Germany
© Reuters / Michele Tantussi
Germany's Social Democratic Party (SPD) supporters look at first exit polls for the Hamburg state election.
The CDU has failed its first electoral test since Angela Merkel's protegee refused to run for chancellor in 2021. Hamburg is a center-left heaven and the conservatives weren't after a win, but they didn't expect to do so badly.

"For us at the CDU, this is a bitter election result," Daniel Guenther, the CDU premier of the state of Schleswig Holstein, said as he commented on the exit polls that showed his party scored just 11 percent in Sunday's vote to finish third and achieve the worst result in Hamburg in the party's history. In 2015, the CDU came second in the election in Germany's second largest city, claiming almost 22 percent of the vote.

But this time the people of Hamburg clearly told the conservatives that they weren't going to support a party that has no leader and no candidate for the top job in the country in the federal election next year.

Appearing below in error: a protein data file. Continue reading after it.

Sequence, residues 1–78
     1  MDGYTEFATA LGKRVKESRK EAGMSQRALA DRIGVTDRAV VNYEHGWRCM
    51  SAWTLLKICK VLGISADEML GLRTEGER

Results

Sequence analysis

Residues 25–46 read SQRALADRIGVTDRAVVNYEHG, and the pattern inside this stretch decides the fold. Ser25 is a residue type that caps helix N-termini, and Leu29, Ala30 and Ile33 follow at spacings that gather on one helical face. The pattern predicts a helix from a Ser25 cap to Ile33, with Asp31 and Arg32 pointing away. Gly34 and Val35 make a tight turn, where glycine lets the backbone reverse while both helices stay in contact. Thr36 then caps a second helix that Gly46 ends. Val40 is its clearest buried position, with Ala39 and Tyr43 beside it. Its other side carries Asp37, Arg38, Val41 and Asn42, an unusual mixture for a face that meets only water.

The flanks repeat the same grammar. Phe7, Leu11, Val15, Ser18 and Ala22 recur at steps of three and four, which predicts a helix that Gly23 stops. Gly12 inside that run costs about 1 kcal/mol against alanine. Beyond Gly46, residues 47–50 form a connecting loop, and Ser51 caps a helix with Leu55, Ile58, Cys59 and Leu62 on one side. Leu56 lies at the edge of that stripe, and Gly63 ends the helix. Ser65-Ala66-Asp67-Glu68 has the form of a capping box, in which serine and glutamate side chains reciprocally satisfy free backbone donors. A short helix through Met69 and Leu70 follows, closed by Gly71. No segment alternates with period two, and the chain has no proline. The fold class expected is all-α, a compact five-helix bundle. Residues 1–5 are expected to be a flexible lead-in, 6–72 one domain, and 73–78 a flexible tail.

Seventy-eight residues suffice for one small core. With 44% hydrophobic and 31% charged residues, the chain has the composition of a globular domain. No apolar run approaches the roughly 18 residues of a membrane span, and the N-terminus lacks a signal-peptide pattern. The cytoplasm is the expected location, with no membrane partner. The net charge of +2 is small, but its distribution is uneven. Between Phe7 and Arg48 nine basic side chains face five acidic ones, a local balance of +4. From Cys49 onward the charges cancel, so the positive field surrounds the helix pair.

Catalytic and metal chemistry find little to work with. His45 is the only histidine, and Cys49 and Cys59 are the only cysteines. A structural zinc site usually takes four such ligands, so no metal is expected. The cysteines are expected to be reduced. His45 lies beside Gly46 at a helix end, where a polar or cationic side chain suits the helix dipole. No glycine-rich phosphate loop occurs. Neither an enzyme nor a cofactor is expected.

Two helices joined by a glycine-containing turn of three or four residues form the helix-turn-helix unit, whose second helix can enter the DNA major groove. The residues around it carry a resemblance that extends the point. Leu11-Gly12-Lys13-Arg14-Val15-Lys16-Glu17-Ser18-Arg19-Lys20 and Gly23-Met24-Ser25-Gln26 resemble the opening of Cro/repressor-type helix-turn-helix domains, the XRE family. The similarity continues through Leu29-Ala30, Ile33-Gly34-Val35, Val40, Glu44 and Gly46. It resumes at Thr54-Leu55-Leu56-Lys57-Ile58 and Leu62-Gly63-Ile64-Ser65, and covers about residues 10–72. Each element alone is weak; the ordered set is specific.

germany elections
© Patrik Stollarz / AFP
Germany's Social Democratic Party and the Greens won big during the Hamburg election, leaving CDU far behind
After Chancellor Angela Merkel announced that she won't be seeking reelection and quit as the CDU head, Annegret Kramp-Karrenbauer - or AKK as she likes to call herself - took the reins of the party and was expected to run in 2021. But two weeks ago, AKK shocked her colleagues by saying that she was not interested in the chancellor's post. She has only agreed to remain the CDU chairperson until summer when the candidate for the federal election will be chosen.

The first two spots in the Hamburg vote were taken by the Social Democrats (SPD) and the Greens, who had been ruling the city-state in a coalition in recent years. The SPD lost seven percent compared to 2015, according to exit polls, but still remained ahead of the pack with 38 percent. But with fears of climate change on the rise it was the Greens, who became the big winners, as they managed to double their vote to 25.5 percent.

The right-wing Alternative for Germany (AfD) lost its representation in Hamburg's parliament. They stopped just short of the five percent threshold, with the party's chances likely hampered by the deadly shooting which targeted immigrants in the western town of Hanau earlier in the week.